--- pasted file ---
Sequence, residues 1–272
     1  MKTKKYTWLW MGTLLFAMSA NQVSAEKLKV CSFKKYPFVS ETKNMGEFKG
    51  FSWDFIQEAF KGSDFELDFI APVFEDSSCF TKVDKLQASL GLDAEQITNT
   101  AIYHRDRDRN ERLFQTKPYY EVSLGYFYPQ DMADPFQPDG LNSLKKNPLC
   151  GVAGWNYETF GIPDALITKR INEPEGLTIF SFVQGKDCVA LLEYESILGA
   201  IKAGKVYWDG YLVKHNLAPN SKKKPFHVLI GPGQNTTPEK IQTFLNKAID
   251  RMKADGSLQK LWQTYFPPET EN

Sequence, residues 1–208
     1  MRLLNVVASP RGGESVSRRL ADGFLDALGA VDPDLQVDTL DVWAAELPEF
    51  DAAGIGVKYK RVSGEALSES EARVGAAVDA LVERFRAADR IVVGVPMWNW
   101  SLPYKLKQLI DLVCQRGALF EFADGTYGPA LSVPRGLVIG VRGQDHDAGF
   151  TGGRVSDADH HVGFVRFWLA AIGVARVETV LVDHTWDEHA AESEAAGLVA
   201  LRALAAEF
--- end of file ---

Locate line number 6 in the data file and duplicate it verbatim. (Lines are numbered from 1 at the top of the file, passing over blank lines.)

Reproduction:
   201  IKAGKVYWDG YLVKHNLAPN SKKKPFHVLI GPGQNTTPEK IQTFLNKAID